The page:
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What a 'meaningful' career actually means


Everyone wants a meaningful and fulfilling career. To be happy in their career.


However, do you know what ‘meaningful’ actually means?


I read. A lot. And reading (and talking) about meaningful careers is one of my favourite things to do.


So, sit down, snuggle up, have your tea and chocolate biscuits ready, as I’m about to impart what I’ve learned over the years when it comes to meaningful careers.


First of all, the word ‘meaning’ sounds grand but is a lot less scary when you start breaking it down.


There are a number of reasons why you are doing what you are doing in your career:


  • Money

Of course you need to make money. To live. To pay your bills. To send your kids to university. To live comfortably.


And there’s nothing wrong with that.


However, money in itself is not the key to happiness. Yes, it can make you very unhappy if you don’t have it. However, if you won the lottery tomorrow it would make you happy for a while, but after a year you would be at the same level of happiness as you are today.


By all means think about money when seeking to create that meaningful career (no one is expecting you to live on a shoestring). But also consider what you see as the minimum and the comfortable amounts that you could live with and on.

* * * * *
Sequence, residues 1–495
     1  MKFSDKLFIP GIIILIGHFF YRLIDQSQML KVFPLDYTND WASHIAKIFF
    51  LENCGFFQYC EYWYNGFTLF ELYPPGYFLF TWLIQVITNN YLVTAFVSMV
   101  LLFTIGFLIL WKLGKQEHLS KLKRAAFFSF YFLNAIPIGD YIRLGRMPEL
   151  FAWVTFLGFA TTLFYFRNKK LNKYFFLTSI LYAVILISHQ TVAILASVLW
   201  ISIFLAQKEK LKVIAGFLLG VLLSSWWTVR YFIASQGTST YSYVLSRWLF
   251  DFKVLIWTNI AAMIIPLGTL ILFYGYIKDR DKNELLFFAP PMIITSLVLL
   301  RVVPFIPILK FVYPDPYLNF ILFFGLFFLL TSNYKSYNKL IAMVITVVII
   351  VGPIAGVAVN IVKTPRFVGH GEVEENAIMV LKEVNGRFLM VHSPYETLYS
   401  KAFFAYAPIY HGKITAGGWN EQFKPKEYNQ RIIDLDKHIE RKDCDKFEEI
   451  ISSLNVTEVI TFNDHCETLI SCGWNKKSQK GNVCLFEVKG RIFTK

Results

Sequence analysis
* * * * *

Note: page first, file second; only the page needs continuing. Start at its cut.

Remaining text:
• Status

We are social animals. We want to be acknowledged. We want to be part of something. We want to be admired. And we want to keep up, or be better off, than the Joneses


It’s natural, it’s human.


However, comparing yourself with others is always going to make you unhappy. Because you are measuring yourself against how others are doing, not how well you are doing. And there’s always someone better off than you!


And especially in our careers status is tricky. You’ve spent more than 20 years working yourself up to be in the situation you are. And quite frankly, you’ll be damned if you are going to give that away!


But, as Roman Krznaric says in his book ‘How to find fulfilling work’, it is not so much your social status that will provide you with meaning in your career, it’s the respect that you get from others.


For a job well done. For making a difference in an organisation. For feeling like a respected employee. Or business owner. For getting noticed.


Using your strengths

You know your strengths, right? You’re good at doing project plans. Or you’re a good communicator. Or you’re very efficient.


Yes. And no.


Yes, you can be very good at something. Because you have been doing it for so long!

Doesn’t mean that this is necessarily your natural strength!


Having your colleagues or friends point out to you what your strengths are (or ‘signature strengths’ as Martin Seligman calls them in his book ‘Authentic Happiness’). Or even do a test of your strengths (e.g. Strengthsfinder, or the VIA Strengths Survey) is a way to really get to grips with what your strengths are.


And how does this matter?


Well, research indicates that if you use your natural strengths in your work you are happier.